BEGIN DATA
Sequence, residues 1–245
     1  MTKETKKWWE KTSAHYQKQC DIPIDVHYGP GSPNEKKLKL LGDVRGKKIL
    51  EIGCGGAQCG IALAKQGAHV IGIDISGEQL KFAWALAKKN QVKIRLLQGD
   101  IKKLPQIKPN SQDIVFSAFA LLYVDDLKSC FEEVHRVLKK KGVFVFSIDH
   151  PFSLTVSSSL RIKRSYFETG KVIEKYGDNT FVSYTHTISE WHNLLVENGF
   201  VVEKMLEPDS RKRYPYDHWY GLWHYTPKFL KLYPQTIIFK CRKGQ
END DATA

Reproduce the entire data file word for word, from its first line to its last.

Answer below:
Sequence, residues 1–245
     1  MTKETKKWWE KTSAHYQKQC DIPIDVHYGP GSPNEKKLKL LGDVRGKKIL
    51  EIGCGGAQCG IALAKQGAHV IGIDISGEQL KFAWALAKKN QVKIRLLQGD
   101  IKKLPQIKPN SQDIVFSAFA LLYVDDLKSC FEEVHRVLKK KGVFVFSIDH
   151  PFSLTVSSSL RIKRSYFETG KVIEKYGDNT FVSYTHTISE WHNLLVENGF
   201  VVEKMLEPDS RKRYPYDHWY GLWHYTPKFL KLYPQTIIFK CRKGQ